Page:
Where to Stay on Oahu
Before you go online to book a place to stay, consider when you’ll be visiting. The high season, when hotels are full and rates are at their peak, is mid-December to March. The secondary high season, when rates are high but rooms are somewhat easier to come by, is June to September. The low seasons—when you can expect fewer tourists and better deals—are April to June and September to mid-December. (For more on Hawaii’s travel seasons, see “When to Go”.) No matter when you travel, you can often get a good rate at many of Waikiki’s hotels by booking a package.
For a description of each neighborhood, see “The Island in Brief”. It can help you decide where you’d like to base yourself.
Remember that hotel and room taxes of 14.962% will be added to your bill (Oahu has a .546% additional tax that the other islands do not have). And don’t forget about parking charges—at up to $30 a day in Waikiki, they can add up quickly.
Note that more and more hotels charge a mandatory daily “resort fee” or “amenity fee,” usually somewhere between $25 and $30, which can increase the room rates by 20%. Hotels say these charges cover amenities, some of which you may not need (such as movie rentals, a welcome drink, a color photograph of you on the property—drinking that welcome drink, perhaps?) and some which are awfully handy (such as Internet access and parking). We have listed resort charges next to the room rates in the reviews.
Affordable parking in Waikiki
It is possible to find affordable parking in Waikiki if you know where to look. I’ve divided up the parking into free or metered parking and carry-a-big-wallet parking.
FREE OR METERED PARKING:
* All side streets in Waikiki. Some have time limits, make sure to check the posted signs.
* Ala Wai Boulevard along the Ala Wai Canal
* Kalākaua Avenue along Kapiʻolani Park
* Waikiki Zoo
BEST OF THE NOT-SO-AFFORDABLE PARKING:
* International Marketplace, 2330 Kalakaua Ave. (Parking entrance at Kuhio Ave. and Walina St. First hour free with validation, $2 per hour for the next 3 hours)
* Royal Hawaiian Shopping Center, 2201 Kalakaua Ave. (First hour free with validation, $2 per hour for the next 2 hours)
* Waikiki Beach Marriott, 2552 Kalakaua Ave. (entrance on Ohua Ave.; free if you eat here, $8 per hour if you don’t)
* Waikiki Shopping Plaza, 2270 Kalakaua Ave. ($5 per hour, $7 flat-rate weekends 6:30am–6pm and evenings 6pm–midnight).
Vacation Rentals—Oahu has few true bed-and-breakfast inns. Instead, if you’re looking for a non-hotel experience, your best bet is a vacation rental. You can rent direct from owners via VRBO.com (Vacation Rentals by Owner) and Airbnb.com. On these sites, you’ll find a range of offerings, from $80-a-night studios to unique, off-the-beaten-path lodgings, like a Portlock cottage near Hanauma Bay on the water (listed on vrbo.com) or a North Shore treehouse (listed on Airbnb.com). Make sure to read the reviews before booking so you have a general idea of what you’re getting into. Note that for VRBO, unless you purchase VRBO’s Vacation Protection Services, most places won’t provide a refund if a rental is not what you expected. Airbnb.com gives renters more peace of mind; it withholds payment until check-in so renters can make sure the listing is as advertised. But I’ve booked places on both sites, basing my picks on reviews, and I’ve found the hosts friendly and listings accurate.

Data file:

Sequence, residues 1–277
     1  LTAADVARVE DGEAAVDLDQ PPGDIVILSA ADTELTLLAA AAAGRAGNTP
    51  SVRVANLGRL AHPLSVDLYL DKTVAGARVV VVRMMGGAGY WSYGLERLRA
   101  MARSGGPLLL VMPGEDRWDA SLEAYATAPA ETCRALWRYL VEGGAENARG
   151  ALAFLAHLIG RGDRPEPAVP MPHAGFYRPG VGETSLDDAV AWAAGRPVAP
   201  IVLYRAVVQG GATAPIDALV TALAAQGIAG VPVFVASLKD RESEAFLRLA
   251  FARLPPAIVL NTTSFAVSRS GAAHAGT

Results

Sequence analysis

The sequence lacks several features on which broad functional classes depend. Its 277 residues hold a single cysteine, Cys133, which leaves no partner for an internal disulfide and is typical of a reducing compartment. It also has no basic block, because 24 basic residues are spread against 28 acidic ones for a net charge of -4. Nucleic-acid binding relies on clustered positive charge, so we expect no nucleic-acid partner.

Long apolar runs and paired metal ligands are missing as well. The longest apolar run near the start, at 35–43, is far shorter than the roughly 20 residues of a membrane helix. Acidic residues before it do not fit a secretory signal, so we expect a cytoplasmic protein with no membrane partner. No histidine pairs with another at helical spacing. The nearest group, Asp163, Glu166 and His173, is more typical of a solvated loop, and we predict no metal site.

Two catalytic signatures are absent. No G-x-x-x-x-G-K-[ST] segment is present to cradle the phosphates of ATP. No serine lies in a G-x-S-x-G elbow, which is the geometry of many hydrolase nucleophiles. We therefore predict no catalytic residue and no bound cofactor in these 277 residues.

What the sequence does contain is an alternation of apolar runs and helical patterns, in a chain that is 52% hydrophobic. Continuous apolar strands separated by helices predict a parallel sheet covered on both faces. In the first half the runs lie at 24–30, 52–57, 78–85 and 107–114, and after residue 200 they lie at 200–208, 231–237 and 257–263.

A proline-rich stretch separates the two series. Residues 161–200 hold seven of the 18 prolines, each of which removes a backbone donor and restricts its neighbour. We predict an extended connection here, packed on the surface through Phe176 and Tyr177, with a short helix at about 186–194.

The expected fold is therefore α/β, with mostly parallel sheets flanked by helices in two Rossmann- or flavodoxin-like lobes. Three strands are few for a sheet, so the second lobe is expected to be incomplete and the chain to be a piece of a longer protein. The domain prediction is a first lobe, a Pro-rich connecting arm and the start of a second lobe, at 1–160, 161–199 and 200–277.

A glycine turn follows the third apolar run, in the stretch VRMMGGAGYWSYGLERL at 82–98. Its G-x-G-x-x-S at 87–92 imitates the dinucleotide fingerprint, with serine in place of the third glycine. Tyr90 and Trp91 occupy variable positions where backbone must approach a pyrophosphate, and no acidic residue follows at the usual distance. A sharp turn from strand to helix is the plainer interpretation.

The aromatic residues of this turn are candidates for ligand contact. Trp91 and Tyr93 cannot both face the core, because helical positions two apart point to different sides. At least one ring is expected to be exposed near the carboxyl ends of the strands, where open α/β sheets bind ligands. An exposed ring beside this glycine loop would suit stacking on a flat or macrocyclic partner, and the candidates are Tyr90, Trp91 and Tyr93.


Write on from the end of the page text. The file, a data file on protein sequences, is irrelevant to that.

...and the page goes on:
All the hotels listed are located between the ocean and Kalakaua Avenue, and between Ala Wai Terrace in the Ewa (western) direction and Olohana Street and Fort DeRussy Park in the Diamond Head (eastern) direction.
All the hotels listed are between Fort DeRussy in the Ewa (western) direction and Kaiulani Street in the Diamond Head (eastern) direction.
Affordable Waikiki: Aqua Hotels
Inexpensive accommodations are few and far between on Oahu, and especially in Waikiki . . . at least places you’d actually want to stay in. But a good bet is the Aqua chain (www.aquaresorts.com), whose inexpensive to moderately priced properties (from $119 a night) are managed by a Hawaii-based company. Hotels vary in quality (with furnishings ranging from dated tropical to bright and modern), but they are generally clean, well maintained, and regularly updated.
Some of the Oahu standouts in the Aqua portfolio include the Aqua Waikiki Pearl, 415 Nahua St. (808/954-7425), right in the middle of Waikiki and about a 10-minute walk to the beach. It has spacious room options, and I was able to find a 450-square-foot room for $125 online. The Aqua Oasis, 320 Lewers St. (808/441-7781) is just that—a cheery property with a lush courtyard and lounge area as well as clean rooms with city views and plumeria accents. Rates here start at $150. Rooms in the Luana Waikiki, 2045 Kalakaua Ave. (808/955-6000), which Aqua acquired from Outrigger in 2014, start at $159. It offers a pool and suites with a kitchen. Best of the midrange Aqua hotels is the Park Shore Waikiki, 2586 Kalākaua Ave. (808/954-7426), which offers views of Diamond Head and the ocean, starting at just $160 a night.
You’ll find all these hotels between Ala Wai Boulevard and the ocean, and between Kaiulani Street and world-famous Diamond Head itself.
Ko Olina is growing as the luxury hotel hub of the Leeward coast. The Aulani opened in 2011, the Four Seasons in late 2016, and an Atlantis resort will be complete by 2019. The new resorts are in sharp contrast to the rest of the coast, which is Oahu’s poorest.